magnitude of blade growth can be achieved in combination with a modest system
cost reduction.
Technology advances can also reduce energy losses in the field. Improved O&M
techniques and monitoring capabilities can reduce downtime for repairs and
scheduled maintenance. It is also possible to mitigate losses resulting from
degradation of performance caused by wear and dirt over time. These improvements
are expected to be in the single digits at best, with an approximate 5% improvement
in lifetime energy capture.
Doubling the number of manufactured turbines several times over the years will
produce a manufacturing learning-curve effect that can also help reduce costs. The
learning-curve effects shown in Table 2-1 are limited to manufacturing-related
technology improvements and do not reflect issues of component selection and
design. As discussed in Section 2.3.2, the learning curve reflects efficiencies driven
by volume production and manufacturing experience as well as the infusion of
manufacturing technology and practices that encourage more manufacturing-friendly
design in the future. Although these changes do not target any added energy capture,
they are expected to result in continuous cost reductions. The only adjustment from
the NREL reference (Cohen and Schweizer et al. 2008) is that the 20% Wind
Scenario by 2030 requires 4.6 doublings of cumulative capacity rather than the 3.0
doublings used in the reference targeted at the year 2012. The most likely 13% cost
reduction assumes a conservative progress ratio of 97% per doubling of capacity.
However, there are a range of possible outcomes.
The potential technological advances outlined here support the technical feasibility
of the 20% Wind Scenario by outlining several possible pathways to a substantial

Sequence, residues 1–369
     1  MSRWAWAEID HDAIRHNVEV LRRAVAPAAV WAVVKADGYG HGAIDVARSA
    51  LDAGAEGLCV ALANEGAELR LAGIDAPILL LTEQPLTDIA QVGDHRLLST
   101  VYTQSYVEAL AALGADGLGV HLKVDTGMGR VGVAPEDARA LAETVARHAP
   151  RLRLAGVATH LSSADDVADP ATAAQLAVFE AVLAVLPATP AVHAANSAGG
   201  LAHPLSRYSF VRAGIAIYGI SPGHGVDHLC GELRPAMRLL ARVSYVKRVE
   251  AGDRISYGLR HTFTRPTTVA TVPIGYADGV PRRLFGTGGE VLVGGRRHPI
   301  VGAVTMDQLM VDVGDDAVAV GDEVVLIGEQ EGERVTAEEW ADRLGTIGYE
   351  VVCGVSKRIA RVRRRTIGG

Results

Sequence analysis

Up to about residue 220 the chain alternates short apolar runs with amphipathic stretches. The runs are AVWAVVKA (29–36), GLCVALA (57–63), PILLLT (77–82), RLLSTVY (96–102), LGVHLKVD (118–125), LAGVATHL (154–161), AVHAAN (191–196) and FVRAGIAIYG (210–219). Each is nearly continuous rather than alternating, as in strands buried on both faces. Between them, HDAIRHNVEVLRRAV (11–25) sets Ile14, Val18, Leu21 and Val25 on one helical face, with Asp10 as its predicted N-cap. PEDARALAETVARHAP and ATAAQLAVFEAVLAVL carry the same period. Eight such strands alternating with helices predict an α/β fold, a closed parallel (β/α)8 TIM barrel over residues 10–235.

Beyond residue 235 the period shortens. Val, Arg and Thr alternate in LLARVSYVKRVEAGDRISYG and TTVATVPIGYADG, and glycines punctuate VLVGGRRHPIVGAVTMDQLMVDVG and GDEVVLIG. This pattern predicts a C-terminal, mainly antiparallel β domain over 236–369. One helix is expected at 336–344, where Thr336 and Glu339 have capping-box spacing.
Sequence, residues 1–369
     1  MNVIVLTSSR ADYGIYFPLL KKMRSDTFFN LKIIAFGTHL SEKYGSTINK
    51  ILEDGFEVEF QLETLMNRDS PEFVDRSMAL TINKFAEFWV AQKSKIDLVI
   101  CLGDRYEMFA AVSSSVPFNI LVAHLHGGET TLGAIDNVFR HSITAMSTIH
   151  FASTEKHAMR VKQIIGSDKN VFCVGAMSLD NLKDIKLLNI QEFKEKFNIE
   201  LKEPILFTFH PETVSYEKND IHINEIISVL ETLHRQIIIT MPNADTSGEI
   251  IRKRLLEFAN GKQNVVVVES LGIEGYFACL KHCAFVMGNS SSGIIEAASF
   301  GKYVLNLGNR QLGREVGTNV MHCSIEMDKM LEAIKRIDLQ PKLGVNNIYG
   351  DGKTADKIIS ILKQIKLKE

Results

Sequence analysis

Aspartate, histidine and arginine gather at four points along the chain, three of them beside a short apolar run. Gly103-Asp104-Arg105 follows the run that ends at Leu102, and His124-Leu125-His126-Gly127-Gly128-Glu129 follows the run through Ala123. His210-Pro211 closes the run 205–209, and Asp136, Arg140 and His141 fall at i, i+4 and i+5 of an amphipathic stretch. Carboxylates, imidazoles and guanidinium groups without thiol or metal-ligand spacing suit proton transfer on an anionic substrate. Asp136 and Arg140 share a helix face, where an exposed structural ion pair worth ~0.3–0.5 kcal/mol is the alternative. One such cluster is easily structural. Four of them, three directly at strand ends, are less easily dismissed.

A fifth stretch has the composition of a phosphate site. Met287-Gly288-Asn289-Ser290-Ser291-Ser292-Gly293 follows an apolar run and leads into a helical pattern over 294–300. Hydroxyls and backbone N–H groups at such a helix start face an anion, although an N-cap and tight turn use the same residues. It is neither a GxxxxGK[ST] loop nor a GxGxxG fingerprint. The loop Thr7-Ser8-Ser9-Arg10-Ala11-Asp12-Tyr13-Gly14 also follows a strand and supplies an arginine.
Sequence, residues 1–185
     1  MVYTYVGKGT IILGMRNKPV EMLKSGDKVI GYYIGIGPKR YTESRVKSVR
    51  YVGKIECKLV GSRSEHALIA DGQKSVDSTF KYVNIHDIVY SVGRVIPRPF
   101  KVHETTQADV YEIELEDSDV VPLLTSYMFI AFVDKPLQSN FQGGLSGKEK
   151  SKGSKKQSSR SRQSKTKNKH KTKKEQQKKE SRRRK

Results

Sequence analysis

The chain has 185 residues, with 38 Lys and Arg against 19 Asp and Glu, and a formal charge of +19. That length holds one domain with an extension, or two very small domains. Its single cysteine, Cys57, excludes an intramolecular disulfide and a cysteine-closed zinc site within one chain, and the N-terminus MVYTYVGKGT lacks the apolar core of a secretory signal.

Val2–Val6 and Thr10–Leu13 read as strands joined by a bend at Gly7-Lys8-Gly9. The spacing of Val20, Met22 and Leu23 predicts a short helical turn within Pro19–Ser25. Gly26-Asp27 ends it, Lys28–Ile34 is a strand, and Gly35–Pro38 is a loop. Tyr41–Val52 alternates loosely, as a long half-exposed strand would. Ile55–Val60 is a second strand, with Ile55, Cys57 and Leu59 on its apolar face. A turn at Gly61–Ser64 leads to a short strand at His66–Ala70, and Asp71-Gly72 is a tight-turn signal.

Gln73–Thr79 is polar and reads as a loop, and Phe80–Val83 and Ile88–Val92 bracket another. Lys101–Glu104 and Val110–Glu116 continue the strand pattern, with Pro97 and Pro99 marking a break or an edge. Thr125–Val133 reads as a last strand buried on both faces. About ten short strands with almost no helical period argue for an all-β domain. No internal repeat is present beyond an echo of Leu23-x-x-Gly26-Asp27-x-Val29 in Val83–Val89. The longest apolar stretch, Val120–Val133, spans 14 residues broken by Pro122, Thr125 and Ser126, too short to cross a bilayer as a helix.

increase in capacity factor accompanied by a modest but double-digit reduction in
capital cost.
While there is an expected value to potential technology improvements, the risk of
implementing them has not yet been reduced to the level that allows those
improvements to be used in commercial hardware. The issues are well known and
offer an opportunity for focused RD&D efforts. In the past, government and industry
collaboration has been successful in moving high-risk, high-potential technologies
into the marketplace.
20% Wind Energy by 2030
One example of such collaboration is the advanced natural gas turbine, which
improved the industry efficiency standard—which had been capped at 50%—to
almost 60%. DOE invested $100 million in the H-system turbine and General
Electric (GE) invested $500 million. Although it was known that higher operating
temperatures would lead to higher efficiency, there were no materials for the turbine
blades that could withstand the environment. The research program focused on
advanced cooling techniques and new alloys to handle combustion that was nearly
300°F hotter. The project produced the world’s largest single crystal turbine blades
capable of resisting high-temperature cracking. The resulting “H system” gas turbine
is 11.89 m long, 4.89 m in diameter, and weighs more than 811,000 lb. Each turbine
is expected to save more than $200 million in operating costs over its lifetime (DOE
A similar example comes from the aviation world. The use of composite materials
was known to provide excellent benefits for light-jet airframes, but the certification
process to characterize the materials was onerous and expensive. NASA started a
program to “reduce the cost of using composites and develop standardized
procedures for certifying composite materials” (Brown 2007). The Advanced
General Aviation Transport Experiments (AGATE), which began in 1994, solved
those problems and opened the door for new composite material technology to be
applied to the light-jet application. A technology that would have been too high-risk
for the individual companies to develop was bridged into the marketplace through a
cooperative RD&D effort by NASA, the Federal Aviation Administration (FAA),
industry, and universities. The Adam aircraft A500 turboprop and the A700 very
light jet are examples of new products based on this composite technology.
Some might claim that wind technology is a finished product that no longer needs
additional RD&D, or that all possible improvements have already been made. The
reality is that the technology is substantially less developed than fossil energy
technology, which is still being improved after a century of generating electricity. A
GE manager who spent a career in the gas turbine business and then transferred to
manage the wind turbine business noted the complexity of wind energy technology:
“Our respect for wind turbine technology has grown tremendously. The practical
side is so complex and forces are so dramatic. We would never have imagined how
complex turbines are” (Knight and Harrison 2005).